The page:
There are several types of debt that can be accumulated over time, but knowing the difference between good and bad debt will make all the difference. While it may be strange that any debt can ever be deemed “positive,” there are some liabilities that will help your overall financial situation, as long as they are used effectively and you can service them. In this article, we’ll look at the distinctions between good and bad debt, as well as the best approaches to deal with them.

What is “Good Debt”?

So, just what is “good debt”? To put it simply, good debt is any debt that is linked to a wise investment in your future. If it will put your personal finances in a better position in the long run, without a long-term deficit, it is most likely an example of good debt. You must have a clear, precise purpose for taking out the loan, as well as a practical and quantifiable strategy for servicing the debt while it is outstanding. When you take out a mortgage, for example, the creditor will normally devise a plan for repaying it in manageable, regular instalments. Good debt is also defined by the debtor finding the lowest option to pay off the loan.

Some individuals believe that the choice with the lowest interest rate is the most cost-effective. This is not always the case. Many loans with very low interest rates frequently come with heavy financial penalties that can be debilitating if you fail to meet them. Finding the ideal combination of all of these criteria might be difficult, but it will pay off in the long term.

Here are a few instances when taking on debt might be a wise financial option!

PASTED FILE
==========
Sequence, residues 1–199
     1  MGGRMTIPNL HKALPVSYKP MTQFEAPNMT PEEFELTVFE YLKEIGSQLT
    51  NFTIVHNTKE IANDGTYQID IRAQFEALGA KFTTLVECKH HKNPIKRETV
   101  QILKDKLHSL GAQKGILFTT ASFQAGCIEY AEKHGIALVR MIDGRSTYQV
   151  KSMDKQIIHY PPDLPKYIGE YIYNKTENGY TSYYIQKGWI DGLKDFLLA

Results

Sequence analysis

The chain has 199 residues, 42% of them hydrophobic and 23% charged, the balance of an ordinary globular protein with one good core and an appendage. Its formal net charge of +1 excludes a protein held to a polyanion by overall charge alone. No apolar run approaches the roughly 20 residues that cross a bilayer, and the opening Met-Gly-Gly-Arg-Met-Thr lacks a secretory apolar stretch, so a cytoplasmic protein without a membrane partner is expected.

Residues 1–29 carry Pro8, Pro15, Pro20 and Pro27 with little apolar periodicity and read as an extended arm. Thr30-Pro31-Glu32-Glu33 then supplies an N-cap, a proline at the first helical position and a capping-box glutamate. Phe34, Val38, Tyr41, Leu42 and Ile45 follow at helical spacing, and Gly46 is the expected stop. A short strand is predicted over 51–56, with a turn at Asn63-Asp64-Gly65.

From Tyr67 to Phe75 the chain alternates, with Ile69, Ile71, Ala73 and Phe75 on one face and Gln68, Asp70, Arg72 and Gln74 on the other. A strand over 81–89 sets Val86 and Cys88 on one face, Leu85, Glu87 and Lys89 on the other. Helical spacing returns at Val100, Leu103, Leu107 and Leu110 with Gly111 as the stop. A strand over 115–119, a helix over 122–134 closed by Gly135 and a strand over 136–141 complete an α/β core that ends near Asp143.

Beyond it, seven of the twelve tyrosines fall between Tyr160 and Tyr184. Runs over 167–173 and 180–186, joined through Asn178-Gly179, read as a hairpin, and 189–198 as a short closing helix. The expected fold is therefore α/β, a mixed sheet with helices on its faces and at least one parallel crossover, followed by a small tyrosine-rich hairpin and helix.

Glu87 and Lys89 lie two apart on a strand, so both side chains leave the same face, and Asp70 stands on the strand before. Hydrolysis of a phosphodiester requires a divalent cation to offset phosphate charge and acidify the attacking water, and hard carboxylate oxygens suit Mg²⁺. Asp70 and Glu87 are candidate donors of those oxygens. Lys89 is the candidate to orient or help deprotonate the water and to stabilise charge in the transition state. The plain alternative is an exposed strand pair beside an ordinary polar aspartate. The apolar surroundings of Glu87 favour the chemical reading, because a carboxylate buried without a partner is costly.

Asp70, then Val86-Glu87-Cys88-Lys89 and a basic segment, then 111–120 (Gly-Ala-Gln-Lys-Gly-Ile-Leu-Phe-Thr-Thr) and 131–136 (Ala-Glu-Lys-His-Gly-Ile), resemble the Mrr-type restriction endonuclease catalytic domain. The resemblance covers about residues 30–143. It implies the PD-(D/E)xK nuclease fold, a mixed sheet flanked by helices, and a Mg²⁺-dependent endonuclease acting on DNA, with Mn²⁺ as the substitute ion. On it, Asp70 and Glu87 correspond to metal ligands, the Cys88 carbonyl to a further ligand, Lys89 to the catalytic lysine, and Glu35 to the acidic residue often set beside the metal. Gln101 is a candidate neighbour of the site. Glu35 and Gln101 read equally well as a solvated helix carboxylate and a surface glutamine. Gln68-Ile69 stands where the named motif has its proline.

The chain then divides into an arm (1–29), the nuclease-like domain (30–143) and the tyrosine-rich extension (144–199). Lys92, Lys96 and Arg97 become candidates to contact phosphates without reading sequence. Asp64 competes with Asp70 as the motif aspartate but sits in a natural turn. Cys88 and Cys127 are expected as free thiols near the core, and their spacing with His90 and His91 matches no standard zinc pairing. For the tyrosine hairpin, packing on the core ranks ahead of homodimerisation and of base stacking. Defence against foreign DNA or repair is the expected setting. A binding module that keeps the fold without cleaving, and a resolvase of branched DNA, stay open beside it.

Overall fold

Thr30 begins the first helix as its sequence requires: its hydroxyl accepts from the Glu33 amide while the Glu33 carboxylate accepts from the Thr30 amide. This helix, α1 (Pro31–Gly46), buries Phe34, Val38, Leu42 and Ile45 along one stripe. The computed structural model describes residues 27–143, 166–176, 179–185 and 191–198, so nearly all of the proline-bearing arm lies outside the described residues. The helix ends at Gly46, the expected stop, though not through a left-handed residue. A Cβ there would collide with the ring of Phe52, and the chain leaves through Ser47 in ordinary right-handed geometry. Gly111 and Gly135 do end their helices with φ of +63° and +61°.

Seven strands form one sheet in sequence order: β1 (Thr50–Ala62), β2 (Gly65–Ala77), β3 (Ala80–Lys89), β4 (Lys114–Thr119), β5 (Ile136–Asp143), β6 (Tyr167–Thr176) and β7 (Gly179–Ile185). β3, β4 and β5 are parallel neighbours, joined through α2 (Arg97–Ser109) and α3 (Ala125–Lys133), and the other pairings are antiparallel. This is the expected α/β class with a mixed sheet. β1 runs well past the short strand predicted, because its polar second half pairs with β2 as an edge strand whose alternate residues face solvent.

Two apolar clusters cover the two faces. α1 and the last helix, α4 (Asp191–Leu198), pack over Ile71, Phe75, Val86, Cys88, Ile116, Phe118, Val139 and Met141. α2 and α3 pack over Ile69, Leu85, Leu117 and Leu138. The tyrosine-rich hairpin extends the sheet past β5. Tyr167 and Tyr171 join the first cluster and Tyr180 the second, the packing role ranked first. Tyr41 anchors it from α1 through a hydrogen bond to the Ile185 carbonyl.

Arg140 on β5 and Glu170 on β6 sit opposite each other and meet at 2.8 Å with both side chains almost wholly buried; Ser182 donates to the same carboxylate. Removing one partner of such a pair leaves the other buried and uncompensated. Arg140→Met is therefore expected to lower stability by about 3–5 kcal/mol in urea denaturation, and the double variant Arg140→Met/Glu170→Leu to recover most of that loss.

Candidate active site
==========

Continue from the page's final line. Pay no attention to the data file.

Student Loan

A student loan is most likely the most visible and frequent example of positive debt. For starters, graduates often earn significantly more than non-graduates after completing their studies. More importantly, the terms of these specific loans are extremely favourable to the debtor. Student loans have extremely low interest rates, and in many cases none at all. This is the best time to change your mindset around “debt”. At the beginning of your career as a medical professional, this is the time to consider your debt as a tool to generate wealth, rather than a hindrance. To learn more on how to turn your student debt into wealth, contact us here!

Mortgage

Another prominent example of positive debt is a mortgage. The major criteria that distinguishes a mortgage as “good debt” is the value of the home. After you have paid off your mortgage, the property you are left with will be a significant financial asset as it is expected to appreciate in value over time.

Business Loan

If you own a business and take out a loan to invest in it, this is also excellent debt. However, this is dependent on the current status of the firm and how feasible or sensible your business strategy is. If everything goes as planned and your firm grows rapidly, its value will be substantially greater than the debt you initially took out.

What about bad debt? 

As you might expect, bad debts are those obligations that have the potential to drain your wealth, are unaffordable, or do not have any realistic possibilities of “paying for themselves” in the near future. They are frequently distinguished by spur-of-the-moment impulse purchases, as well as weak or unrealistic payment arrangements. Borrowing huge quantities of money to pay for everyday costs such as food and bills is another prominent example of bad debt.

Putting what you’ve learned to work

So, what should your take away be? Debt does not always merit the bad “press” it receives. Debt can work to your advantage if you’re wise and clever with your money. Use these suggestions to enhance your life by owing money in the correct way and for the right reasons. When used effectively, debt may dramatically improve your quality of life!

If you have any questions regarding debt or want to get started on a plan for you to take control of your finances today – contact one of our Medtax.ca specialists to see how they can assist you!

About the Author: Alex Powell

CPA CA, Director

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